Have you ever had one of those epiphanies when you suddenly realized that you were guilty of being a naïve parent? I remember the day that happened for me as though it were yesterday. It was Thanksgiving morning 2008. I was standing in my kitchen, peeling potatoes and chatting with my brother, BJ, who had come into town to spend the holiday with my family.
BJ is the “favorite uncle”. Perhaps this is because of the fact that he goes out of his way to interact and engage with my kids, or perhaps because it is simply because they know that he cares.
Months previous to this epiphany, BJ had encouraged me to become engaged in a new means of communication that was just emerging from the college world called Facebook. I had every excuse in the world not to do this. My excuses ranged from… I was too busy, I didn’t have any interest, I thought that social media was a waste of time coupled with the fact that I wasn’t going to allow my kids to “talk to strangers” online anyway. Sound familiar?
The conversation that BJ and I were having that Thanksgiving morning centered around my 17 year old daughter, Amber who was a senior in high school. I prided myself on being actively involved in my children’s lives. I was aware of their needs, activities and who their friends were.
“So I see that Amber has a new boyfriend” BJ stated.
A new boyfriend… I thought. I didn’t even know she had an old boyfriend!
“How do you know that?” I asked.
“I saw it on Facebook” was BJ’s reply.
It was like a bucket of ice could water had just been thrown in my face. Boy, did I suddenly feel out of touch! I didn’t even know Amber had an account (or a boyfriend). I then realized that my narrow-minded view and weak excuses were limiting my ability to parent effectively. It was due to my own ignorance that I was unaware of what was going on in my daughter’s life. I decided to overcome my barriers and jump into the online world of Facebook in an effort to better guide and protect my children.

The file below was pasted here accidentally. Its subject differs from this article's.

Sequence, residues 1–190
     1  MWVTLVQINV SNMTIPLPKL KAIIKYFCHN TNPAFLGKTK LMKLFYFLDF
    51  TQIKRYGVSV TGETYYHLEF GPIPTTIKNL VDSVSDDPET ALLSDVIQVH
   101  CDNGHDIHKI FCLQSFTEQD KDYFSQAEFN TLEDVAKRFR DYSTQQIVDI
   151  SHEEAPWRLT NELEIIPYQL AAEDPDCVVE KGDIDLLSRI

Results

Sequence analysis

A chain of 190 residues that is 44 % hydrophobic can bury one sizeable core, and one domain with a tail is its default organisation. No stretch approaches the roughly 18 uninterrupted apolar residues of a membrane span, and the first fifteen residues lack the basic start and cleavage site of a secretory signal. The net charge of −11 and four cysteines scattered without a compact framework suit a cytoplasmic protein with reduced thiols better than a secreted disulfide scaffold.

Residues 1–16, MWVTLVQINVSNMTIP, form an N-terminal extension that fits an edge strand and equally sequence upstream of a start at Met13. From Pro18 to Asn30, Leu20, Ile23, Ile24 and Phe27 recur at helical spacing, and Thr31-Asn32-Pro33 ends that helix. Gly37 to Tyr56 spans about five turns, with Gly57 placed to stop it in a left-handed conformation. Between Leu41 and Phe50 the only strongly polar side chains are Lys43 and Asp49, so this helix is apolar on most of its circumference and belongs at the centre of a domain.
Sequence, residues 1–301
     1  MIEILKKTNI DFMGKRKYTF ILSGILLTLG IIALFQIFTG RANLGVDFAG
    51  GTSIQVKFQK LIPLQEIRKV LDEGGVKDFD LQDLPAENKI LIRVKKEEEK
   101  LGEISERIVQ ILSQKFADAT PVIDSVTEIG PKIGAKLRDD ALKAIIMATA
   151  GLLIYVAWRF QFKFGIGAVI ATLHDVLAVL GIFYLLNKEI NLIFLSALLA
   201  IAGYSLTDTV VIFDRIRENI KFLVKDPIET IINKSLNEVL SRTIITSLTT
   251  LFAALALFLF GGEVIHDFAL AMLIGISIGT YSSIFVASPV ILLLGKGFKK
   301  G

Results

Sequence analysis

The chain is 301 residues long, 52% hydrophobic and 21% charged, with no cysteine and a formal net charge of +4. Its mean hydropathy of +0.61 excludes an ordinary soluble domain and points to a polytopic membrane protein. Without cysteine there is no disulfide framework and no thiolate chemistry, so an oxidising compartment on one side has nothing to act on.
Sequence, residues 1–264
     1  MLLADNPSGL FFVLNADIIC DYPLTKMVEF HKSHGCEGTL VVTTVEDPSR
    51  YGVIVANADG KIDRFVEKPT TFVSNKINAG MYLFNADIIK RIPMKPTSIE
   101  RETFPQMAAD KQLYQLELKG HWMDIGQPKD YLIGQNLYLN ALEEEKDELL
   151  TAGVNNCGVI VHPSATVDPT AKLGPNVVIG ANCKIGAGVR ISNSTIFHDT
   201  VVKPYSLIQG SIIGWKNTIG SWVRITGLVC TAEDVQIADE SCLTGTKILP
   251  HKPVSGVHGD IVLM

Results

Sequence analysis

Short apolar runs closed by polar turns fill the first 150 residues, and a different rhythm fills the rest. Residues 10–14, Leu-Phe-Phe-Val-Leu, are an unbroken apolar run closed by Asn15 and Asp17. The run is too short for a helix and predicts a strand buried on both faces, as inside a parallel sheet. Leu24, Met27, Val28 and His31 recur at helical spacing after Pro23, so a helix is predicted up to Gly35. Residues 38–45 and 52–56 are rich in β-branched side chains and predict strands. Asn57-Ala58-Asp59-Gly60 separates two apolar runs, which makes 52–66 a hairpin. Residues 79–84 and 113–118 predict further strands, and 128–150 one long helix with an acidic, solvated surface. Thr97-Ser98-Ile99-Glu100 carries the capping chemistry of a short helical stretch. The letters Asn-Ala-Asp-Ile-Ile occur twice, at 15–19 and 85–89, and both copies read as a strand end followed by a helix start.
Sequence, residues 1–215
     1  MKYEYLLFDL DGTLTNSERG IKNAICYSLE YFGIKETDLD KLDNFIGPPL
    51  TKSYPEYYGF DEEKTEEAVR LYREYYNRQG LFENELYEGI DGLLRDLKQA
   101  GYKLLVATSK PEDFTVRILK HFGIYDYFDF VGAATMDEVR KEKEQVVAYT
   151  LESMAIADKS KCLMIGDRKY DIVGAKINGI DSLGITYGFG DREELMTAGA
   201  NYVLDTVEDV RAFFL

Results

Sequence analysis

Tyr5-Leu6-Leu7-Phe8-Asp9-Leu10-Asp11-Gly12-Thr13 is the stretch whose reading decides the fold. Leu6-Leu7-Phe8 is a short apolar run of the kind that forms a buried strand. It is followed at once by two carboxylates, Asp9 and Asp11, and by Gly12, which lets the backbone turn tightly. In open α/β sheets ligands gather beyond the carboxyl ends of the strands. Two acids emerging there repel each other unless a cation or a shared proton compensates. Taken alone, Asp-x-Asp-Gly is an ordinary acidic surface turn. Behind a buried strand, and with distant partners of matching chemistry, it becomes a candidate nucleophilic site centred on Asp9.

I quickly learned that although some teenagers are still in the process of developing the ability to communicate their feelings verbally, they have no problem expressing their feelings in writing, even if it is on a virtual wall. This understanding alone is reason enough for us as parents to step out of our comfort zones and traditional parenting styles to engage with our kids in their online world as well as in their real world. Yes, some kids may say that Facebook is their world and they don’t want us as parents intruding, but the reality is that our children do want us there. They want and need us to be at the crossroads of their lives, even when those crossroads are in the online world. By doing so, our children know that we will be there for them no matter where “there” is. To them, it simply means we care.
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